ARLINGTON, Va. (WUSA) -- The morning after news broke that Osama bin Laden was killed, scattered images marking the event began collecting beside the gravestones at Arlington Cemetery.
It marks a bittersweet victory for families of the fallen buried in Section 60. That is the area where soldiers killed during today's wars are buried.
"We're thankful that such a hateful man is gone," said Jessica Oatman, whose brother died in Afghanistan 20 months ago. "But we just need to be aware of what's coming because it's not over yet."
Oatman and her mother were visiting from Williamsburg, Virginia Monday morning with her three sons and two younger brothers. As the eldest of seven siblings, she sees how the death of her brother Paul E. Dumont Jr. will forever impact her family.
"He was a wonderful family man," she said. "He was married for a year, celebrated his one year anniversary and died 10 days later. We miss him so much."
Oatman was among dozens who left keepsakes marking the news that Osama bin Laden was finally killed a decade after Sept. 11. She placed a small American flag at the foot of her brother's stone. In blue marker, she had written "Osama is gone."
Amy Nieberger-Miller left the front page of the day's newspaper at her brother's gravestone.
"Chris was a history buff. He would have loved the fact that the news of Osama bin Laden was announced on the same day as Hitler's death," she said. "It's a bittersweet thing...I mean, I am so proud of my brother...but I'm still sad that he's gone."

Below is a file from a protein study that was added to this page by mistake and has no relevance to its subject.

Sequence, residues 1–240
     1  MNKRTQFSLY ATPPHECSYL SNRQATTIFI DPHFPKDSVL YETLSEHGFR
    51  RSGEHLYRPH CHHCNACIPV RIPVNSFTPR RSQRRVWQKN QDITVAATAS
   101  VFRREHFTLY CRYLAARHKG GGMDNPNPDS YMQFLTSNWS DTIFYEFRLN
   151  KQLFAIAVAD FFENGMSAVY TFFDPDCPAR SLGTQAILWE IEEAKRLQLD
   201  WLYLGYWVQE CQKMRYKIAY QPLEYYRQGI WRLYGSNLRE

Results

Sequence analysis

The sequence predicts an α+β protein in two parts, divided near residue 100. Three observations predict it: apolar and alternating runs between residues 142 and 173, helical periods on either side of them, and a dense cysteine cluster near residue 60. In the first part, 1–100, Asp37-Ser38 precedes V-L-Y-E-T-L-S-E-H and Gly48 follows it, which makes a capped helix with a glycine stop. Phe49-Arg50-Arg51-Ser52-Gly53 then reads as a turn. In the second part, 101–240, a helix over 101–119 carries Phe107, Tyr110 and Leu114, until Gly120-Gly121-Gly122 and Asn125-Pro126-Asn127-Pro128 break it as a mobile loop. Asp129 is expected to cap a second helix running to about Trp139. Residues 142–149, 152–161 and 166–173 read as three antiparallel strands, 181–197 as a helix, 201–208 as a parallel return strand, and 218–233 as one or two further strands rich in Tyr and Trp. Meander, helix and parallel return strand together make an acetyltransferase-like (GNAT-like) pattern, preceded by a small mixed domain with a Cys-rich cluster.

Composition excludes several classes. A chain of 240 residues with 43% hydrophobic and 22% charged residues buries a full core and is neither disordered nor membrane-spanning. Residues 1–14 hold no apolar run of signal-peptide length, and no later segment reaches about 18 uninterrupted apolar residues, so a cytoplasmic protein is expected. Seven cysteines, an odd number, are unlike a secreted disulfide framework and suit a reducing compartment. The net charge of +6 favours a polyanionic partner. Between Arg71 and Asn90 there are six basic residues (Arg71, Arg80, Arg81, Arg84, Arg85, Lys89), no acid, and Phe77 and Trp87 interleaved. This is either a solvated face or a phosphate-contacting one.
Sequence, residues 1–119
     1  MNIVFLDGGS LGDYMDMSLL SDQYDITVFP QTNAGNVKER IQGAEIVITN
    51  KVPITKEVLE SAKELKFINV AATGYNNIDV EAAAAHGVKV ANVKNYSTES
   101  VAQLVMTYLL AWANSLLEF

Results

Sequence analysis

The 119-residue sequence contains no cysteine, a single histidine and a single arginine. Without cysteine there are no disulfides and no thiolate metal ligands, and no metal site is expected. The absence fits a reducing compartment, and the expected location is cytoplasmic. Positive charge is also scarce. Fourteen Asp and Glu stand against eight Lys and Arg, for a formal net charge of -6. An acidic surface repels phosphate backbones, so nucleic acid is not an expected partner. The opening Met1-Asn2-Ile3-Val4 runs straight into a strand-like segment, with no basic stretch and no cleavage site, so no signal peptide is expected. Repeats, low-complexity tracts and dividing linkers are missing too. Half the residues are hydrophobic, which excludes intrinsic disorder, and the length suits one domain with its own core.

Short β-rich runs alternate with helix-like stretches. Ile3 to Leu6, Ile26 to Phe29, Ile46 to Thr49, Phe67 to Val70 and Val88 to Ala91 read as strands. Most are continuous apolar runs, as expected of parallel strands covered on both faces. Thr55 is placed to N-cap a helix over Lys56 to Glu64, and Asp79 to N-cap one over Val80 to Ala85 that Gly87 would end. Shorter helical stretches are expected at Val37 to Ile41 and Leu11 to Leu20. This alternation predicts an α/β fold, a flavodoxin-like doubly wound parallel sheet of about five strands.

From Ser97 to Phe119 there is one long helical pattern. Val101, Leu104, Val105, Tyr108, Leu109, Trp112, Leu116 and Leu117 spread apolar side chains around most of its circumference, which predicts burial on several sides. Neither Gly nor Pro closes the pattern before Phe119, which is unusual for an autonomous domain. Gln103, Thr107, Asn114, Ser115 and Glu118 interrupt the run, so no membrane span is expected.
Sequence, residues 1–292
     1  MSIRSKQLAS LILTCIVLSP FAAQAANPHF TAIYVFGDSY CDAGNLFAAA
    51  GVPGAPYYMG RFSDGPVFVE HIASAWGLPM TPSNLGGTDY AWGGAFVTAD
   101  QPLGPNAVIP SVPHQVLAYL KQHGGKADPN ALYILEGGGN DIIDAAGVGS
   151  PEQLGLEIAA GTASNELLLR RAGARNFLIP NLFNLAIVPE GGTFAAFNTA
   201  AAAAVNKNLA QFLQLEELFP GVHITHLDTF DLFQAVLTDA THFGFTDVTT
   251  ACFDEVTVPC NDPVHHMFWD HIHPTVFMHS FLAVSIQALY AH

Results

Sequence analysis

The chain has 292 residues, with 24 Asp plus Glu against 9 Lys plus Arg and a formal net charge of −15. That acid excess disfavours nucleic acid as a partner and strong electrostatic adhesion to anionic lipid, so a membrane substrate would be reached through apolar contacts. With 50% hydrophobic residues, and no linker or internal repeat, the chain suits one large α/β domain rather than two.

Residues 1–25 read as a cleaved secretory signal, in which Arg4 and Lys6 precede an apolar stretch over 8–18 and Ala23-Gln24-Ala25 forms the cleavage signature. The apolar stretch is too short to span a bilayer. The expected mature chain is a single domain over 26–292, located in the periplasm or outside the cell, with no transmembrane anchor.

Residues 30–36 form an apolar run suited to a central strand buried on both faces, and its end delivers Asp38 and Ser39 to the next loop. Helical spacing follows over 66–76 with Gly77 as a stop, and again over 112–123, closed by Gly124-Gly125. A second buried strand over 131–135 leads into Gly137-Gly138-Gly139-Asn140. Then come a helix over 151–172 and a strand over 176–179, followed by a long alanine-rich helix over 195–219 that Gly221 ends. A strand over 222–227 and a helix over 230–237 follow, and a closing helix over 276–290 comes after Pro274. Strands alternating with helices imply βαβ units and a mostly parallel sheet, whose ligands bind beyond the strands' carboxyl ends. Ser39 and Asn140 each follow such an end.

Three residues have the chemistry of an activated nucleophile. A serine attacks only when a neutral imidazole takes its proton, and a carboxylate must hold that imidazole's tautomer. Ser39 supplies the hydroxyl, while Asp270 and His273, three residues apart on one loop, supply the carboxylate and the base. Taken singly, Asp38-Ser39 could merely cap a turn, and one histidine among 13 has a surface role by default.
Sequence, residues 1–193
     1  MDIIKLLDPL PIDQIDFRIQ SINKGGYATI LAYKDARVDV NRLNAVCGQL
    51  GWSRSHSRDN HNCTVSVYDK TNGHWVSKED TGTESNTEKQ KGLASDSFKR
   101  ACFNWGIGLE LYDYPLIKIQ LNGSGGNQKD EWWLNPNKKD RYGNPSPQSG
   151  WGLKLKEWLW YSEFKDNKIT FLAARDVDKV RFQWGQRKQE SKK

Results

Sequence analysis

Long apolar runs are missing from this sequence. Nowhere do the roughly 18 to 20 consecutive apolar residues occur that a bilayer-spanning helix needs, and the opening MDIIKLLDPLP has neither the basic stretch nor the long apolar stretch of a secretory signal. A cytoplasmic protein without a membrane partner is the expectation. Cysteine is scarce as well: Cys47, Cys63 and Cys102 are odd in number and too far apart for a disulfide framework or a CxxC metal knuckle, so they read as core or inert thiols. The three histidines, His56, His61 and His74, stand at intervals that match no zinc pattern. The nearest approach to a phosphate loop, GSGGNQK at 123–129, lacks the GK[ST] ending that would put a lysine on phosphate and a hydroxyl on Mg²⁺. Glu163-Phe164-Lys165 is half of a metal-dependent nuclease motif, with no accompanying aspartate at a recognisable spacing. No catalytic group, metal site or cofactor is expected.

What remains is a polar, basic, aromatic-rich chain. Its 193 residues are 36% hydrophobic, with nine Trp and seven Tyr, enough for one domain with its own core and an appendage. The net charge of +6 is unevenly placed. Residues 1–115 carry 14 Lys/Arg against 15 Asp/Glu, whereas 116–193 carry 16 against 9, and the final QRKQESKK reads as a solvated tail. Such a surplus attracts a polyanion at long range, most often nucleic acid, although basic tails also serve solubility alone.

That same sadness she felt drove Nieberger-Miller to apply for a job as a spokesperson for the organization known as TAPS, Tragedy Assistance Program for Survivors. It's a non-profit that reaches out to help families coping with the fresh loss of soldiers killed during combat.
"A lot of our families today, unlike the Vietnam era," she said, "they identify themselves as families of the fallen. They might have gold star license plates on their cars or wear a special pin or have a gold star banner hanging on their home."
She added anyone who sees those symbols can make a difference just by showing gratitude.
"Just say, 'Thank you,'" she said. "You don't have to do a lot."
For Jessica Oatman's mother, Bonnie Dumont, recent news about Osama bin Laden only heightens her concern for troops serving overseas. She admits she has mixed emotions.
"A lot of these people out here have the same feelings. That he's gone, but their lives have changed forever," she said. "Whether he's here or gone it doesn't matter. We don't get Paul back."